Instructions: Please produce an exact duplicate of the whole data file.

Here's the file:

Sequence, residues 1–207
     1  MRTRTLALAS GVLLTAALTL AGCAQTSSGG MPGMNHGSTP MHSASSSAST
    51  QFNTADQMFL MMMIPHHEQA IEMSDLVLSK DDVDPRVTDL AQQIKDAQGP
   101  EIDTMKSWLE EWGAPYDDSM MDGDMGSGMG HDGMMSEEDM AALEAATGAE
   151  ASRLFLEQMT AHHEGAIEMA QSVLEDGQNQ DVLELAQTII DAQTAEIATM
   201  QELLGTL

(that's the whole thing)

Sequence, residues 1–207
     1  MRTRTLALAS GVLLTAALTL AGCAQTSSGG MPGMNHGSTP MHSASSSAST
    51  QFNTADQMFL MMMIPHHEQA IEMSDLVLSK DDVDPRVTDL AQQIKDAQGP
   101  EIDTMKSWLE EWGAPYDDSM MDGDMGSGMG HDGMMSEEDM AALEAATGAE
   151  ASRLFLEQMT AHHEGAIEMA QSVLEDGQNQ DVLELAQTII DAQTAEIATM
   201  QELLGTL